2 Tbsp. sugar

½ teaspoon salt

½ teaspoon soda

3 Tbsp. baking powder

1 cup buttermilk

2/3 stick butter

3 eggs, beaten

Preheat oven to 450°F.

Mix dry ingredients. Add buttermilk and eggs. Melt butter in a 10½ inch cast iron skillet in the stove. When melted, pour into ingredients and blend. 

Pour back into skillet and bake for about 18 minutes.

Serves 6-8.

Lynn Harlan is the Wyoming Livestock Roundup’s newest columnist, and this is the debut of her column, “From the Kitchen Table.” Harlan lives on a ranch outside Kaycee.

 

Years ago, the ranch maintained a fleet of 1979 Ford F250 three-quarter ton flatbed pickups. They were workhorses and fairly easy to work on, as compared to modern day pickups that involve a trip to the computer in town. Some are still going.

One was bought at a local farm sale. It was light blue and had a big, rusted, white metal grille on the front. It became “Toothless.”

In winter, a corn feeder was bolted to the flatbed. A load of corn and 27 or 28 small square bales were tied on. Often, it was my feed run. Most of the pickups were equipped with two way radios, and I could check in as to how I was faring with the icy or muddy road, finding the ewes or any trouble.

One bright, crisp, winter day, I came upon a dead ewe after feeding the bunch. I looked her over and saw through her wool that she had been bitten on the neck. I radioed my husband Bob, and he told me to load her up and bring her in.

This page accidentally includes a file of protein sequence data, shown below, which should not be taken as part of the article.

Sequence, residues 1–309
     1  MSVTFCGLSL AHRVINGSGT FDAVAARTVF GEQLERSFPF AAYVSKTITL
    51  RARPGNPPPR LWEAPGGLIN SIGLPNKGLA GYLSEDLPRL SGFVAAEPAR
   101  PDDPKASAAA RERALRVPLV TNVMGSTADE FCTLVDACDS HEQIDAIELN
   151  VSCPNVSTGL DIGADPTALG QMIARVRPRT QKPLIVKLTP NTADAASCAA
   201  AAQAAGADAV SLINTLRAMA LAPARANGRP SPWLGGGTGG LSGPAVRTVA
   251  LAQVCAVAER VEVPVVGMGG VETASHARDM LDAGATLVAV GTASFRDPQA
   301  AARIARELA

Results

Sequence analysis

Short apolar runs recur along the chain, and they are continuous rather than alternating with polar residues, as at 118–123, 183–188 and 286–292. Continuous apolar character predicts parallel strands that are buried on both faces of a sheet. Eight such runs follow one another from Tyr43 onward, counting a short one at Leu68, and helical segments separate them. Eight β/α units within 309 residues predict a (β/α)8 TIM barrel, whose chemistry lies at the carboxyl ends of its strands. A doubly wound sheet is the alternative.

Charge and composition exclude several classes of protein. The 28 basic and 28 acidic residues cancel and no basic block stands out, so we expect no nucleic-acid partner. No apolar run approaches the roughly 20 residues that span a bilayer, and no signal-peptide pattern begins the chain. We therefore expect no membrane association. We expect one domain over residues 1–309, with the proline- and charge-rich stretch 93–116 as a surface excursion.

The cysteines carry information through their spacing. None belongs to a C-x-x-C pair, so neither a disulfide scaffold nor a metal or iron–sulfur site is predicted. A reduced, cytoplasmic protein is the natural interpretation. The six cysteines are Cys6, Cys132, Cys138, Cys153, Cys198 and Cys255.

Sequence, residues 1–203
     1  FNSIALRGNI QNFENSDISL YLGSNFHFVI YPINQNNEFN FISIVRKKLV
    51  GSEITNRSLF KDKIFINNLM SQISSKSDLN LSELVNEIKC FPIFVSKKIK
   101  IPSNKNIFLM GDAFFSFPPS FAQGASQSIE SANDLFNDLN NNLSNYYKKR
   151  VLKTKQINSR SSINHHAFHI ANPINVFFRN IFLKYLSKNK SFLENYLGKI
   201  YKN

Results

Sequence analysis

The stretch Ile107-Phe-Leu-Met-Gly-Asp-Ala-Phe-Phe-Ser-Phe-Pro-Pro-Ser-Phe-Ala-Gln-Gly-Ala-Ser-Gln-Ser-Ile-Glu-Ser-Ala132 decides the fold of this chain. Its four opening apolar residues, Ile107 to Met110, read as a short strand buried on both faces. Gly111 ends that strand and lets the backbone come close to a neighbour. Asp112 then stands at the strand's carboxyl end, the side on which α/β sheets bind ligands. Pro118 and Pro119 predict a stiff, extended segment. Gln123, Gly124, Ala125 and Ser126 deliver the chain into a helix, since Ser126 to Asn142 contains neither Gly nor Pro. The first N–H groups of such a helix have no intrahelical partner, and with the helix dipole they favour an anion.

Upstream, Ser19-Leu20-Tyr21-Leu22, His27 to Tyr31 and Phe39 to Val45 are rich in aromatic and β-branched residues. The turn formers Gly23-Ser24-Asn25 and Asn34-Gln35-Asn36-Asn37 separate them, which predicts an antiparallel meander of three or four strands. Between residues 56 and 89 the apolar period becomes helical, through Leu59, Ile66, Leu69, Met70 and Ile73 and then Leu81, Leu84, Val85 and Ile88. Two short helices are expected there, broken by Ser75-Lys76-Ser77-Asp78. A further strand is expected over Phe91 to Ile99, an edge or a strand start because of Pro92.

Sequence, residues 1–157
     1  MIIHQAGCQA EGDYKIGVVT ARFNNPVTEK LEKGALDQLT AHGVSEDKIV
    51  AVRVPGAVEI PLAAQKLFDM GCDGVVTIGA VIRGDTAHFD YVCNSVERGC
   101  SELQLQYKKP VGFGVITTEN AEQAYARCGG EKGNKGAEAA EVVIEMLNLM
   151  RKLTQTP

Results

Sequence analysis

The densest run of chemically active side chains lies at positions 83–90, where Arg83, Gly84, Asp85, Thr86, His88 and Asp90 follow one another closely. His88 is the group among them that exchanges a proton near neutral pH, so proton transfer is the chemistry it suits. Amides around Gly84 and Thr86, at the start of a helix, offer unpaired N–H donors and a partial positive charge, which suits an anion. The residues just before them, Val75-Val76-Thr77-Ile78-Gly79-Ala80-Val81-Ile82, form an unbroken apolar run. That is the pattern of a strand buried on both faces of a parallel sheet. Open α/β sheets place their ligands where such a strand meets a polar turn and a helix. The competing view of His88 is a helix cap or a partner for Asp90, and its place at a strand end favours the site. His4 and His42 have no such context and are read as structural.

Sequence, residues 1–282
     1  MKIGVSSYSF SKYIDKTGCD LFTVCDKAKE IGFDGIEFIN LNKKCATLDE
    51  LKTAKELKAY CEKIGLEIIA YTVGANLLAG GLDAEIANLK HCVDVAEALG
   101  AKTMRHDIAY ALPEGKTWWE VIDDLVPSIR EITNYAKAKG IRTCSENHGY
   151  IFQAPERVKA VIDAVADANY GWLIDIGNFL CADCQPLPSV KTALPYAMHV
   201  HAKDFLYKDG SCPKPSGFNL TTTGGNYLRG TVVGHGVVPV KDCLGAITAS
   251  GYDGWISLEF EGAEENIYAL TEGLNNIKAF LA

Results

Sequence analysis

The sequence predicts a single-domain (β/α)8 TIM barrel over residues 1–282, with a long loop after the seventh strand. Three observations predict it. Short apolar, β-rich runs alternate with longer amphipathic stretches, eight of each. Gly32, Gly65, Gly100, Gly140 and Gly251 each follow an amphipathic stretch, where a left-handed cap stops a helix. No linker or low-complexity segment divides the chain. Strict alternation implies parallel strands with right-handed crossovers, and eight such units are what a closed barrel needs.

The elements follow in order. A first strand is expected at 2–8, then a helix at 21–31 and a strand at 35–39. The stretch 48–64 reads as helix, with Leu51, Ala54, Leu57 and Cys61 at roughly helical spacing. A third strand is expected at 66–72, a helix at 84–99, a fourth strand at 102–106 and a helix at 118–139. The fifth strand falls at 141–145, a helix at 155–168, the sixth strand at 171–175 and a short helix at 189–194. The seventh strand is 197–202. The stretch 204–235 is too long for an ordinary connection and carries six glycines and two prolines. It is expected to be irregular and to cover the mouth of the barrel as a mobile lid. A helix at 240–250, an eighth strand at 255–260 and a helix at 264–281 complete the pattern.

Yep, it looked like a lion kill. Bob sent me back out to look around some more, and he would call the game warden. In Wyoming, mountain lions are designated big game animals, and ranchers are compensated for kills. The game warden needs to verify the kill.

I drove back up to the feed ground and, over a small rise, saw 27 more dead ewes. They had bed down for the night in an old bentonite pit that was reclaimed, but the fence was mostly gone. It was the perfect killing field for the lion.

Bob sent the game warden out, and he and I loaded up the dead ewes on the flatbed of Toothless. Bob went to town looking for the trapper and his dogs, got our young son out of school and bought a lion license.

It was getting close to two o’clock by the time we all assembled back out in the hills, and the lion wasn’t found that day. His track was spotted a few days later, and we had a better chance as we soon had the trapper, his dogs, the son and his license all rounded up. My son shot the lion after the trapper’s dogs treed it.

Bob put in his lion damage claim – a petition for compensation – to the Wyoming Game and Fish. At regular meetings of the Wyoming Game and Fish Commission, claimants state their case, and the commissioners award damages or not. Early that summer, Bob was summoned to the hearing dealing with his claim.

It was after lunch. The first presenter had prepared a long and lengthy discourse, with video, on hay damage from an elk herd. The room was warm, and folks were having trouble staying alert. Bob was next and began his banter on why he should be awarded full damages from the mountain lion kills. He passed around a picture taken of the dead ewes loaded on the pickup.

“Here’s a picture of the dead sheep and ol’ Toothless,” he said.

Someone at the front table asked, “You call your wife toothless?”

Bob replied, “No, I call my wife Hon. Toothless is the pickup.”

The room erupted into laughter.

The Commissioners went into session and gave Bob full damages to our claim. The next speaker asked if Bob would present her claim.

Toothless is still going strong, and the corn feeder stays bolted on all year now.

Lynn Harlan is a Wyoming Livestock Roundup columnist and lives on a ranch outside Kaycee.